A 60 year old superyacht captain was killed in a plane crash in Florida. Capt. Don Hopkin died on Saturday when the single-engine airplane he was flying crashed into the Atlantic Ocean a few hundred yards from a crowded beach near Nettles Island. Capt. Hopkin was the captain of motor yacht Scott Free, a 157-foot Christensen. Superyacht Scott Free is frequently berthed at Sunrise Harbour Marina in Ft. Lauderdale. Nettles Island is off the southeast Florida coast.
M/Y Scott Free’s Chef Sherry Ellis commented: “We’re all devastated; we’re in shock…He was the nicest, most polite and diplomatic captain I’ve ever met.”
Capt. Hopkin’s passenger, James B. Doom, 39, of North Palm Beach, also died in the accident. The cause of the crash was unknown.
Reportedly captain Hopkin, also a pilot, was helping raise money to send young people to a summer fly-in. The paln is a Hopkin’s Yak-52, a single-engine Soviet-era plane.
The sheriff’s office began receiving reports of the crash about 11:45 a.m. A Palm Beach County sheriff’s helicopter returning from a funeral in Indian River County was flying nearby at the time of the crash and was on-scene within seconds.
The crash occurred in front of a swimming pool and crowded beach across State Road A1A from Nettles Island, a community just north of the Martin/St. Lucie County line.
Sheriff’s divers worked the crash site, about 300 yards from shore and in water 10 to 15 feet deep. They removed the bodies of the two men, found strapped inside the plane’s cockpit.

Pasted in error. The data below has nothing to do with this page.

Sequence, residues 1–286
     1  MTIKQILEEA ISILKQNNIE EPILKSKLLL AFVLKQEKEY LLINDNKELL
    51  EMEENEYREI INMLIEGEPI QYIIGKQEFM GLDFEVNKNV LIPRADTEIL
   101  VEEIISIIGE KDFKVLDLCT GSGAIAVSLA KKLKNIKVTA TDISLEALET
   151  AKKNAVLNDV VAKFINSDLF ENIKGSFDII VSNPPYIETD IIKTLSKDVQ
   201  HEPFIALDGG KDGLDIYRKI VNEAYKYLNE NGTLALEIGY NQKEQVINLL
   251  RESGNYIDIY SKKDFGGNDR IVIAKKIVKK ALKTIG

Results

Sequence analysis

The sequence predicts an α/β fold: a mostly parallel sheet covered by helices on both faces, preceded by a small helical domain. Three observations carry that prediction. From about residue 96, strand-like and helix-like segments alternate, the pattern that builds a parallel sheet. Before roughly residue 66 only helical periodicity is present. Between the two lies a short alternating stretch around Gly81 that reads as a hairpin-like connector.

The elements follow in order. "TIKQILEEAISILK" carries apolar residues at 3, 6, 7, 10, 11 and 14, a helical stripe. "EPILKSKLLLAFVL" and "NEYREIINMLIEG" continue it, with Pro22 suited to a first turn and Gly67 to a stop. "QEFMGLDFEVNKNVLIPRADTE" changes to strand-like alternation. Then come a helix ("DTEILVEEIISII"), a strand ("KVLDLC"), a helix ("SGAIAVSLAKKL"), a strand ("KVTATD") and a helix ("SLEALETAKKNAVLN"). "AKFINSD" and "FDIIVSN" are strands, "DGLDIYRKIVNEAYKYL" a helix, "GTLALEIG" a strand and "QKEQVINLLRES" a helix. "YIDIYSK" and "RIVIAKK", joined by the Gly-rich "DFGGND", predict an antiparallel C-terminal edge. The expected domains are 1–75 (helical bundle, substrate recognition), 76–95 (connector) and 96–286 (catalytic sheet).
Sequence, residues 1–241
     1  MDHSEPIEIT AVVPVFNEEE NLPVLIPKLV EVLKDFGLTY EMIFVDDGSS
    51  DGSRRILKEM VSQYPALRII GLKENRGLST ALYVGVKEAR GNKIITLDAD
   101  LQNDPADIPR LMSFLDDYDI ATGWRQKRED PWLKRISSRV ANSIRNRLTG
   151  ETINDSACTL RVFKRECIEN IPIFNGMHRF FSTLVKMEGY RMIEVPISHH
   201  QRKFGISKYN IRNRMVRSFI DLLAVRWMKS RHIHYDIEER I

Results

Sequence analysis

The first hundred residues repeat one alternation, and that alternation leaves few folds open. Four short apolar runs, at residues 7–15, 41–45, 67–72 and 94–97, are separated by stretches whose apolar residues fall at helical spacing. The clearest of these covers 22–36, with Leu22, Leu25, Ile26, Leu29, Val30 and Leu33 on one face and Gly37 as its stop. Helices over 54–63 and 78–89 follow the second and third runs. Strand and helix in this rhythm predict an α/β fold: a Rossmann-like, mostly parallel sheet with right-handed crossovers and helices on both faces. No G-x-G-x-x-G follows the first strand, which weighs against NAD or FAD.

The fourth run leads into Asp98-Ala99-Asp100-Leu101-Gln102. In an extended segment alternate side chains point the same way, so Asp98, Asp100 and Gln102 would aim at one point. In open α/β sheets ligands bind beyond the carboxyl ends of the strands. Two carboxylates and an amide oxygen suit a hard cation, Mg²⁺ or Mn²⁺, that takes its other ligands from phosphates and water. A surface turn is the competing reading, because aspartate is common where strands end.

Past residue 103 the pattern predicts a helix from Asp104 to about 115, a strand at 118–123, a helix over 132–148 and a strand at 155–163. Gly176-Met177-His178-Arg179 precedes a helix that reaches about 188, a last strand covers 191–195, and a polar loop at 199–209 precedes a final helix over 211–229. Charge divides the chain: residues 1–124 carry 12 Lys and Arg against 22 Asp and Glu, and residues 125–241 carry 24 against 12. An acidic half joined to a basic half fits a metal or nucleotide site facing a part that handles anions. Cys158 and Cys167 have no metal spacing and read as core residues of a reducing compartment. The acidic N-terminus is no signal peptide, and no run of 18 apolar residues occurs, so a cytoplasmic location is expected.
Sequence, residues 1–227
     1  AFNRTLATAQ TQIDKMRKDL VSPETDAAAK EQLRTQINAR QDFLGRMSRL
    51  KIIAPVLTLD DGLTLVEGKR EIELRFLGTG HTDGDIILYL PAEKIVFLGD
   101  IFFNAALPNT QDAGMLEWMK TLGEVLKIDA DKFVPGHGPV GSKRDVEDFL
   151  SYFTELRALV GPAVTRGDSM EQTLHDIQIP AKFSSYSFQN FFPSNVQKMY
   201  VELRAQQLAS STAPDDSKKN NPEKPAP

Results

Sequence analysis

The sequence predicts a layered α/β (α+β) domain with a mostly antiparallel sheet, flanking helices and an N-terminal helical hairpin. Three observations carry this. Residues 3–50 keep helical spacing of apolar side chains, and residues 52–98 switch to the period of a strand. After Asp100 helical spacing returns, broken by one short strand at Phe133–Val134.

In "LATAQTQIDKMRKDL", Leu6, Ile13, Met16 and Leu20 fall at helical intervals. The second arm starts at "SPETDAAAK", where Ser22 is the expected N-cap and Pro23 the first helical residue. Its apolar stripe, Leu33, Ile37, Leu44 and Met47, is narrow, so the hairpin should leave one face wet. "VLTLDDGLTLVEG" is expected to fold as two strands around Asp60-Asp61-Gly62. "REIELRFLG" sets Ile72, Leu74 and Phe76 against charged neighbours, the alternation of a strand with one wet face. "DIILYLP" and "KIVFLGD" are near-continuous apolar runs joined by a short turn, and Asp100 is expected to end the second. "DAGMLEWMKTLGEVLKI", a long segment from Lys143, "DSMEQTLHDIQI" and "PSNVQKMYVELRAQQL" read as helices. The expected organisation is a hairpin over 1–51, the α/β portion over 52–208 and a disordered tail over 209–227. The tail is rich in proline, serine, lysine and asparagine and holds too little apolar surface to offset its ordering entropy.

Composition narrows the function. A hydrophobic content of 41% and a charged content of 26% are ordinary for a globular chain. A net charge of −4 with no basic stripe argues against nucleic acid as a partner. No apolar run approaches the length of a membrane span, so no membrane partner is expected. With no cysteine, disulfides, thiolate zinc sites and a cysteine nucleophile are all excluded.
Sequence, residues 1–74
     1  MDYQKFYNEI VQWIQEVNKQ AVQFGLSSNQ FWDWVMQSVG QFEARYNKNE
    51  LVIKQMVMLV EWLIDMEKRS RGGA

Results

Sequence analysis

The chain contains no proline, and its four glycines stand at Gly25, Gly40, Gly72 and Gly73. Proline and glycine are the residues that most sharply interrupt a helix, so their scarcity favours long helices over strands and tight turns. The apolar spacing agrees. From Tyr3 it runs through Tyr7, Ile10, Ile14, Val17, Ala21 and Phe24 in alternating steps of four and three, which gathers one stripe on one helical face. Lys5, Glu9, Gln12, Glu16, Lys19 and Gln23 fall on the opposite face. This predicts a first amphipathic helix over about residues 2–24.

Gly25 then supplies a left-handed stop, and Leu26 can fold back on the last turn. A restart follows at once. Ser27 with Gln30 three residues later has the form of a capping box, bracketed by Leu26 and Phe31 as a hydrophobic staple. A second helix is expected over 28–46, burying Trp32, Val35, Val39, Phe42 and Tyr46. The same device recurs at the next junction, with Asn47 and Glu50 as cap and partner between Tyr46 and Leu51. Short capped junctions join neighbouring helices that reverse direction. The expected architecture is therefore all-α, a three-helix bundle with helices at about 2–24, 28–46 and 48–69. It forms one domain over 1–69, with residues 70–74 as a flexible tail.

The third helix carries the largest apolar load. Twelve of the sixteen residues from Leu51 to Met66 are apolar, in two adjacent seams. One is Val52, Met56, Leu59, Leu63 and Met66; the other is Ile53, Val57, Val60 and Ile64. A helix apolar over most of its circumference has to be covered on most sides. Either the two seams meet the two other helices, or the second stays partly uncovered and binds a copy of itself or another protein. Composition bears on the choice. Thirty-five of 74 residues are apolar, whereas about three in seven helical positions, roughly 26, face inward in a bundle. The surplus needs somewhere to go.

The aircraft wreck was marked with a buoy. Officials with the Federal Aviation Administration and National Transportation Safety Board were notified and will determine the cause of the crash.
Tony Delorenzo of Stuart, president of Chapter 692 of the Experimental Aircraft Association, said Hopkin had landed briefly at his chapter’s Young Eagles Rally Saturday at Witham Field. The chapter gave free airplane rides to 65 young people at the event. None of the rides was in Hopkin’s plane, he said.
A ride in Hopkin’s Yak-52, at some later date, was being raffled as a prize, Delorenzo said. Proceeds were to send two or three local youngsters to the Experimental Aircraft Association’s 2010 AirVenture meet in Oshkosh, Wis., in July.
Delorenzo said Hopkin left Witham Field with Doom, as a photographer, in the second seat.
Brinda Lee, an eyewitness on the beach, described the airplane as having a camouflaged fuselage and bright-colour on its wings.
“It was flying so low, I remember thinking it was a danger to people on the beach,” Lee said.
But Lee and several other eyewitnesses agreed the plane was not smoking and did not appear to be in any mechanical distress.
Greg Theiling, an attendant at the Nettles Island beach-side pool, said the plane was flying north and had almost completed a 360-degree turn directly in front of the crowded beach.
The plane in Saturday’s crash is a Soviet-designed aircraft for training pilots. The design first flew in 1976 and it is still being produced in Romania — largely for sale to Western sport flying enthusiasts.
For more info go to http://www.tcpalm.com/news/2010/may/15/plane-down-ocean-st-lucie-county/